The use of near-surface geophysics for monitoring slopes that affect transport infrastructure

  • Jessica Holmes

Student thesis: Doctoral ThesisDoctor of Philosophy


Landslides on transportation networks are becoming increasingly prevalent in response to environmental change, at the same time as demand placed on road and rail infrastructure is growing in line with population growth and economic development. To minimise the impact of slope instability on vital transport infrastructure, as well as on terrestrial and aquatic ecosystems, public safety, communities, local heritage, and the economy, and to better inform decision making, there is a need for remote-condition-monitoring systems to reveal processes that are precursors to slope failure. Here, the application of a novel electrical resistivity tomography (ERT) system (Proactive infrastructure Monitoring and Evaluation (PRIME)) for monitoring unstable slopes that affect transport infrastructure is examined. The system provides near-real-time data collection via a telemetric link. 4-Dimensional resistivity models (3-D with a time-lapse element) are presented in the context of moisture content and soil suction, two parameters known to influence slope stability. Building upon relationships evident in the field, the development of laboratory-based petrophysical relationships that relate electrical resistivity to moisture content and soil suction directly is also discussed. 4-D ERT models were calibrated using these petrophysical relationships to provide insights into complex spatial and temporal variations in moisture content and soil suction.

Two study areas are considered here, enabling different controls on electrical resistivity to be examined. The Ripley Landslide in the Thompson River Valley, British Columbia, Canada, threatens the serviceability of two national railway lines. Here, 4-D ERT models reveal complex hydrogeological pathways, providing new insights into the subsurface processes in an active, natural landslide. Freeze-thaw cycles also impact the subsurface resistivity here, which highlights the need to consider the impact of temperature when inferring changes in moisture content from ERT data. The Old Dalby Railway Cutting in Leicestershire, United Kingdom, is also considered in this thesis. Subsurface changes in resistivity at this site across both wooded and grassed areas of the slope enable an improved understanding of hydrogeological pathways and allow examination of the use of ERT for assessing the influence of vegetation on subsurface moisture pathways and on slope stability. This thesis highlights the utility of geoelectrical monitoring for assessing slope stability in the context of moisture-driven landslides. It aims to emphasise the benefits of 4-D geoelectrical monitoring and points towards the future incorporation of ERT monitoring in integrated decision support and early warning condition monitoring systems.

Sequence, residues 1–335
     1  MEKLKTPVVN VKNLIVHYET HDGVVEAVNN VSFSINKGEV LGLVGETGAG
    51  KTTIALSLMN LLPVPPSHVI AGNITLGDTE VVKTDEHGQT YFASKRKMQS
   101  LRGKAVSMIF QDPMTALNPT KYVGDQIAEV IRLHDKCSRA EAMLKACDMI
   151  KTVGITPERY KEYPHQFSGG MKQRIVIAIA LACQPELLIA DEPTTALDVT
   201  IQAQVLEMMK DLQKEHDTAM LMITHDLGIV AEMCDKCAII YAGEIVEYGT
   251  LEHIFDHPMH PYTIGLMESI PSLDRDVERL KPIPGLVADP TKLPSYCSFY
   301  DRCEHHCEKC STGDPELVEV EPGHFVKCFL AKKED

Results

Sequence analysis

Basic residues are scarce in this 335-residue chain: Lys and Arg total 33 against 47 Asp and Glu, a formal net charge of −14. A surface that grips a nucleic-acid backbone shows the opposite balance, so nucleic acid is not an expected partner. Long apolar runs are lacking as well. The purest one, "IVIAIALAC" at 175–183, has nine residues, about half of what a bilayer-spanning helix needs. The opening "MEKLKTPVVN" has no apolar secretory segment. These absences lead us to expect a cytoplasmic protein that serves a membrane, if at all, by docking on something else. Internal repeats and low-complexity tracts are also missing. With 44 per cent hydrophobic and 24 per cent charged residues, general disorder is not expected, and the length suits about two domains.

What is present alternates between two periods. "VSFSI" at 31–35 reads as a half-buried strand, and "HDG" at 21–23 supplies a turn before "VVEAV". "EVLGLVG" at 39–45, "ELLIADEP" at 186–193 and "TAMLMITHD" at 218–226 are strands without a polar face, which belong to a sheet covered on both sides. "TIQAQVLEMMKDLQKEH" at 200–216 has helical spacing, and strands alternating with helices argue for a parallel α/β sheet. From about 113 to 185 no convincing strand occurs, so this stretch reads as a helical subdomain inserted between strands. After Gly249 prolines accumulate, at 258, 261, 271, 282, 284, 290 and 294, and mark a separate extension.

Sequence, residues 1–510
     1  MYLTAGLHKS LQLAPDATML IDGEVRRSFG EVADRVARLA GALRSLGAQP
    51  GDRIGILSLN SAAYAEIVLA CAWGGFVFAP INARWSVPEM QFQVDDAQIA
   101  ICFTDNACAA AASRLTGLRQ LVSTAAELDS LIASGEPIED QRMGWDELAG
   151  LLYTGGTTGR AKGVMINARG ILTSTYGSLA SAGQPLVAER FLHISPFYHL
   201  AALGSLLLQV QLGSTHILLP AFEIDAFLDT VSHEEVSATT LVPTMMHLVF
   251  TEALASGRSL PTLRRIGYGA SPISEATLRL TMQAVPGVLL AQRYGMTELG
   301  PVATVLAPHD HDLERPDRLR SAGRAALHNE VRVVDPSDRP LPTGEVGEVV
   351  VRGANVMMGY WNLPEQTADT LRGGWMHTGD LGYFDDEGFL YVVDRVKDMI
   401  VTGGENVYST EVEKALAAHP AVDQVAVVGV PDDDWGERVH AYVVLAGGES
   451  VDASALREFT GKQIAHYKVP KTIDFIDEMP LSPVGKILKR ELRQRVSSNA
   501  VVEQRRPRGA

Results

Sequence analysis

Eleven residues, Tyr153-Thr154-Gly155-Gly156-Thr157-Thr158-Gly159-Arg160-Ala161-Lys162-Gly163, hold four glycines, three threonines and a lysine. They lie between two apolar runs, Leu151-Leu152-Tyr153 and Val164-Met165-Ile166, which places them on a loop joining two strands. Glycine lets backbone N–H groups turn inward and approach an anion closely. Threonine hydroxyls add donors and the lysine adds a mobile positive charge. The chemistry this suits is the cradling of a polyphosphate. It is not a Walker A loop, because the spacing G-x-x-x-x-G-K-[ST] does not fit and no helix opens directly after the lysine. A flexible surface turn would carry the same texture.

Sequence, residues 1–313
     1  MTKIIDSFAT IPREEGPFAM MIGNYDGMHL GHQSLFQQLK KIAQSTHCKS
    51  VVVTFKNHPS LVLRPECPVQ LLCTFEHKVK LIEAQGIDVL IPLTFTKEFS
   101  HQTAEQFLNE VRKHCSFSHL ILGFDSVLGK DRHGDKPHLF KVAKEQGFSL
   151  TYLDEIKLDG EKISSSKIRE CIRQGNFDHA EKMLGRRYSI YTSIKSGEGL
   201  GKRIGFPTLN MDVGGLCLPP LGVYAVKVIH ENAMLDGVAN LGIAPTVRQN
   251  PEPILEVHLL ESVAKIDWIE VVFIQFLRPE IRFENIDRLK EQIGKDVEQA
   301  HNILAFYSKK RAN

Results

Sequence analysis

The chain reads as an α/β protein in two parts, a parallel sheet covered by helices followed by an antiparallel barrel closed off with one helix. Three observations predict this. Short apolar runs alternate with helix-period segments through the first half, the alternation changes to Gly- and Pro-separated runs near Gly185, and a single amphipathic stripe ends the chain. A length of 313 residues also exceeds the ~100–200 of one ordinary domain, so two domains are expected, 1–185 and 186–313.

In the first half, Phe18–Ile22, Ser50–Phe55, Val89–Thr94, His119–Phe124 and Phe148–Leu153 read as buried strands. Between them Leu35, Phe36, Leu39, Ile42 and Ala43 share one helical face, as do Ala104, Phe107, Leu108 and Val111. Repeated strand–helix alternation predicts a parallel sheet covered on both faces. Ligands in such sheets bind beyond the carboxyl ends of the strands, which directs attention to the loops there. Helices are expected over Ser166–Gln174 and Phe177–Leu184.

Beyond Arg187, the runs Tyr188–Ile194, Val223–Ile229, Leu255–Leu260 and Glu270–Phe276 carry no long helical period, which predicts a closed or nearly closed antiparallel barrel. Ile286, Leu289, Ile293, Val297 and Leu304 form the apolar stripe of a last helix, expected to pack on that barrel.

Thesis embargoed until 31 December 2024.
Date of AwardDec 2021
Original languageEnglish
Awarding Institution
  • Queen's University Belfast
SponsorsNorthern Ireland Department for the Economy & British Geological Survey
SupervisorVinayagamoothy Sivakumar (Supervisor), Shane Donohue (Supervisor) & Jonathan Chambers (Supervisor)


  • Hydrogeophysics
  • landslides
  • electrical resistivity tomography
  • near surface geophysics
  • time-lapse ERT

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